Much of the previous week or more at the camp had been taken up with a letter from the Gardai saying that they wanted the camp dismantled for Paddy's Day, and the camp's response to this. Camp representatives had met with the police and offered to try and meet their safety concerns, including shrinking and consolidating the camp and erecting high crowd-control barriers for the duration of the St. Patrick's Day parade, which passes right by the camp. However the police had not seemed satisfied with this, or even willing to discuss or negotiate with the camp about it. The letter had requested a response by Friday 3rd March, which the camp ultimately agreed only on Sunday 5th March. But the response had been made in writing as requested, reiterating the people's right to protest, willingness to cooperate with any safety issues from the Gardai or parade organisers, and openness to further discussion. It also should be noted that the camp had been working continuously with the city's fire marshals over the previous months, and particularly recently, and had taken various actions, including separating the sleeping shacks to their safety specifications of more than 2 metres apart, which had necessitated an expansion of that area of the camp. The fire marshals had stated that they were the only authority in terms of fire safety for the camp, and not the police. Nothing more had been heard from the police after their letter, meetings held with them and the camp's written response.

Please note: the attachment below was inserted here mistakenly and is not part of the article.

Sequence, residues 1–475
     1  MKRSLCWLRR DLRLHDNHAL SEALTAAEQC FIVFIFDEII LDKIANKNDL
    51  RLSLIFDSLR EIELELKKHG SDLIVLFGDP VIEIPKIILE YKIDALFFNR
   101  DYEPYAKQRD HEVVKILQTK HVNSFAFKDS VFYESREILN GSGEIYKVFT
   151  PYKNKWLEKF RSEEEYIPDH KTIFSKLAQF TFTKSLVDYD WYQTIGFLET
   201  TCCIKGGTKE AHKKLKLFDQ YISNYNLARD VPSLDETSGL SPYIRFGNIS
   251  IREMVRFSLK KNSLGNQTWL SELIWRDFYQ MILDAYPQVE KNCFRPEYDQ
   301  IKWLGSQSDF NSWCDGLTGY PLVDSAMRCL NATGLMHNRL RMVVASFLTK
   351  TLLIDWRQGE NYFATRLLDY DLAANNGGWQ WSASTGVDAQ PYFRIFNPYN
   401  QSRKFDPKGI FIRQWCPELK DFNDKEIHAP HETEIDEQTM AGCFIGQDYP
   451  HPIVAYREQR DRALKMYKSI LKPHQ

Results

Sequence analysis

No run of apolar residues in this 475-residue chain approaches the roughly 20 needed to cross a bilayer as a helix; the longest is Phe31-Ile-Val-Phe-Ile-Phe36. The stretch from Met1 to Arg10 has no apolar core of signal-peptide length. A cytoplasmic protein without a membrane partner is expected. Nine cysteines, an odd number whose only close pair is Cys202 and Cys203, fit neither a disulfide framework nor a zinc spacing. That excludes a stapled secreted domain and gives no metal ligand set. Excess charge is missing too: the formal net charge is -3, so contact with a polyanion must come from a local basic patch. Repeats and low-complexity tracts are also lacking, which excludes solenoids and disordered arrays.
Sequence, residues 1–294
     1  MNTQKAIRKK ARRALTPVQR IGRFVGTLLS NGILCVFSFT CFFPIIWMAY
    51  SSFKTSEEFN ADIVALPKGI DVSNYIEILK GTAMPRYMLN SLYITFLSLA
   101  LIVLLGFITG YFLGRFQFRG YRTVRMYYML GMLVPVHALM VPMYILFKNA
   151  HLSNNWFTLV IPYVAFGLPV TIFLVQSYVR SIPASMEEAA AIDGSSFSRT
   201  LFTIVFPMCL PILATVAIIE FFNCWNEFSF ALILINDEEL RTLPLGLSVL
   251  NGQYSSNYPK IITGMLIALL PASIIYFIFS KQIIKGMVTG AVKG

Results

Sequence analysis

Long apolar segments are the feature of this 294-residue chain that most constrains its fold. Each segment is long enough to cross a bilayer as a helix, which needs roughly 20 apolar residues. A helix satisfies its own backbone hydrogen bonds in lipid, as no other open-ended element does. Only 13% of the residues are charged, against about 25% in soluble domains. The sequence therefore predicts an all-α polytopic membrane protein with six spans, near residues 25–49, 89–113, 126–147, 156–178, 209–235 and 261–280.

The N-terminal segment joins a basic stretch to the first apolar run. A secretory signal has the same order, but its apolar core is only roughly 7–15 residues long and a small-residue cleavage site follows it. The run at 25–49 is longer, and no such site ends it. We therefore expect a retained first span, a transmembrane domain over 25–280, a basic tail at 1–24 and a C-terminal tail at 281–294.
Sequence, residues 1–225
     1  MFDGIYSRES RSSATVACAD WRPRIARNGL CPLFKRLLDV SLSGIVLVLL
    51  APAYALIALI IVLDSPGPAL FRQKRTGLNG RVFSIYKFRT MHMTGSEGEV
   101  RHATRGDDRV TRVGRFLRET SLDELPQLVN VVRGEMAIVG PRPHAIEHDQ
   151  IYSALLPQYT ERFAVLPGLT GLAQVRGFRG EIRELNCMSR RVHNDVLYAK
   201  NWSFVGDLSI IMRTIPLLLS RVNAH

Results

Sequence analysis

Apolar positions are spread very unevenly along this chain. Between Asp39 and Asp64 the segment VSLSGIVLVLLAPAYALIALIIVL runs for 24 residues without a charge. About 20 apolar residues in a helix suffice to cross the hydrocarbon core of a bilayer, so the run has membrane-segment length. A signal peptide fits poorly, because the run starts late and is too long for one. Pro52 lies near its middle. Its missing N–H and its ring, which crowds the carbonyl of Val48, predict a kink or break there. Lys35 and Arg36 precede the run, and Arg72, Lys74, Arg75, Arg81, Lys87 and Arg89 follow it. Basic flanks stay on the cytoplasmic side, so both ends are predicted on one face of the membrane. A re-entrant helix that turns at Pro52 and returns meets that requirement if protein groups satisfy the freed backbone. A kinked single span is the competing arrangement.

As last night's APM began, talking about music and other light topics for the upcomimg festival, I assumed that the camp must have already addressed in the week's earlier meetings serious issues such as a coordination plan in the event of an eviction attempt. As the meeting progressed however, I began to wonder if this planning had in fact taken place. I mentioned communications, security and the importance of preserving vital information about the history and participants in the movement, contained in log books on site. A couple of other people brought up related issues, and it appeared that these hadn't been agreed. After some time a proposal was accepted for fairly quiet, family friendly and environmentally themed music and entertainment just for the morning of Paddy's Day, before the parade. An eviction plan had not been discussed, but it was thought at this stage that any move by Gardai would follow formal informing of the camp, and wouldn't happen until the following week. I was concerned at the apparent lack of preparation for a serious threat to the camp's existence, but could do no more myself at that stage to help the camp make the plans it needed to come up with.